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Angel Guerra, thirty years old and a widower, father of an adored daughter Encarnacion, had spent an unhappy childhood. An idealist, he had turned to the revolutionists, thinking that if everything were overthrown life could be improved in the rebuilding. His mother, Dona Sales, disapproved of him and treated him like a child, even after he was married. An extremely rich woman, she tried to starve her liberal-minded son into submission to her wishes, but she managed only to drive him into the company of advocates of violence, the Babels.

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The Babel household contained an unsavory group. Babel lived with his brother, Captain Agapito, a former slaver, and his children, drunken Matias and slippery Policarpo. Babel’s family was as bad. Aristides, an embezzler, had fled from Cuba; Fausto had been dismissed from the post office for speculation; and Dulcenombre had love affairs from which the whole family profited. She became attracted to Angel and lived with him for a year in order to escape her family, but he was too poor to marry her.

At last, the crimes of the Babels sent Angel also into hiding, with a wounded hand that Dulce bandaged. After a month of skulking, he went home to find his mother dying. Lere, the twenty-year-old tutor of “Cion,” was nursing her. At first, she and Dr. Maquis refused to let Angel see the sick woman, but finally he was allowed to be with her during her dying moments. She left him a comfortable fortune, but when Angel tried to use it selfishly the convent-trained Lere shamed him into carrying out his mother’s desires with it.

Troubles mounted for Angel. Dulce, his mistress, became ill. Cion died. Lere announced she was entering a convent in Toledo. In his loneliness, Angel followed her. When Dulce came looking for him, he had already gone. Following the advice of her uncle, Captain Agapito, she sought solace in alcohol.

Angel had both rich and poor relatives in Toledo. He became a boarder at the home of Teresa Pantoja, along with two priests. Lere was already working for one of the nursing orders. Discussing life with her and moved by his loneliness, his affection for her, and the religious atmosphere of Toledo, Angel also found himself seeking the comfort of the Church.

The appointment of one Babel to a government post in Toledo brought the whole family, including Dulce, to that city. To escape them, Angel went to live with wealthy relatives in the outskirts of Toledo. Lere demanded that Angel marry Dulce or never see her again. When Angel went to discuss the situation with Dulce, he found her disgustingly drunk. In the violent quarrel that followed, he almost killed Aristides. Again, at Lere’s bidding, he returned to Aristides to ask forgiveness. He learned that Dulce’s illness had cured her of her liking for alcohol and that she was planning to enter a convent.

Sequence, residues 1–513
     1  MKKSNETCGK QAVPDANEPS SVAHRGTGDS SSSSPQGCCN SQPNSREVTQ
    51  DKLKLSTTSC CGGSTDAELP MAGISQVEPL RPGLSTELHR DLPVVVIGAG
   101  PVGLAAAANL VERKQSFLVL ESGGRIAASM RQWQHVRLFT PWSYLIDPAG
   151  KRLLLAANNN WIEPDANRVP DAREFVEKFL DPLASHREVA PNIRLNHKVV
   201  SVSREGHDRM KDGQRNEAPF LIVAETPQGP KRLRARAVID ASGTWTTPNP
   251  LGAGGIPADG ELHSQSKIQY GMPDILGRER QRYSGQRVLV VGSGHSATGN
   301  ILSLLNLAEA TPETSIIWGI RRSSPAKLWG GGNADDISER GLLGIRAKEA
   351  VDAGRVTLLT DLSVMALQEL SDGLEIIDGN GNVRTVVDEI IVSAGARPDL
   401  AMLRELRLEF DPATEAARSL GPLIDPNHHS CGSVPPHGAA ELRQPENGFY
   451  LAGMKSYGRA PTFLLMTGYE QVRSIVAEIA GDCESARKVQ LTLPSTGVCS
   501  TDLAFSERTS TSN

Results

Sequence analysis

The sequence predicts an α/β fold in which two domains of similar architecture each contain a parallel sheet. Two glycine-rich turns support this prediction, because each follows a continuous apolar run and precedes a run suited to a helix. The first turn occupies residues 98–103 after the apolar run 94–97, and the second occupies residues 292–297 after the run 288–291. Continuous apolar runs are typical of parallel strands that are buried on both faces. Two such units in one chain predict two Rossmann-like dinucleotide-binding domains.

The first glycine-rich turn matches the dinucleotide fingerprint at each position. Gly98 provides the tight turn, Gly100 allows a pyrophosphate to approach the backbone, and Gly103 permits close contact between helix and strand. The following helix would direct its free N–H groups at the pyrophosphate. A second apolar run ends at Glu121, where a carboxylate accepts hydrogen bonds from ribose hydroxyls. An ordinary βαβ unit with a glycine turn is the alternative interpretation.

Angel’s many conversations with Lere caused considerable gossip, with the result that the Mother Superior called the girl in for questioning. Although she was declared innocent, the lack of trust so angered Angel that he declared his intention of founding a convent to be put in Lere’s charge. She declared that she would accept his plan only if he became a priest. Angel agreed.

Padre Casado, a clear-sighted priest, whose preference for farming instead of books had prevented his advance in the Church, prepared Angel for taking holy orders. One night, while he and Lere were nursing an ailing priest, Angel felt desire for the girl. Later, he confessed his carnal thoughts to Padre Casado, who could not understand any sexual attraction to a woman in plain nun’s clothing. They also discussed Angel’s plans for the convent and his philosophy for improving mankind by a Christian revolution.

Angel tried to prove his theories when Aristides, again caught in crime, and Fausto, also fleeing justice, begged him for help, and he hid them. Joined by Policarpo, they demanded money for a flight to Portugal. Angel was stabbed during a quarrel over his refusal. Although badly wounded, he would not give the police the name of his assailant.

Lere came to nurse Angel. The dying man had no regrets. Like Don Quixote, he felt that the approach of death restored his reason and also solved his problems. He would not have made a good priest, he declared. He apportioned his wealth, designating most for Lere’s project, some for relatives and servants, before he died. Stifling her sorrow, Lere returned to the convent where she was assigned to nurse another patient.

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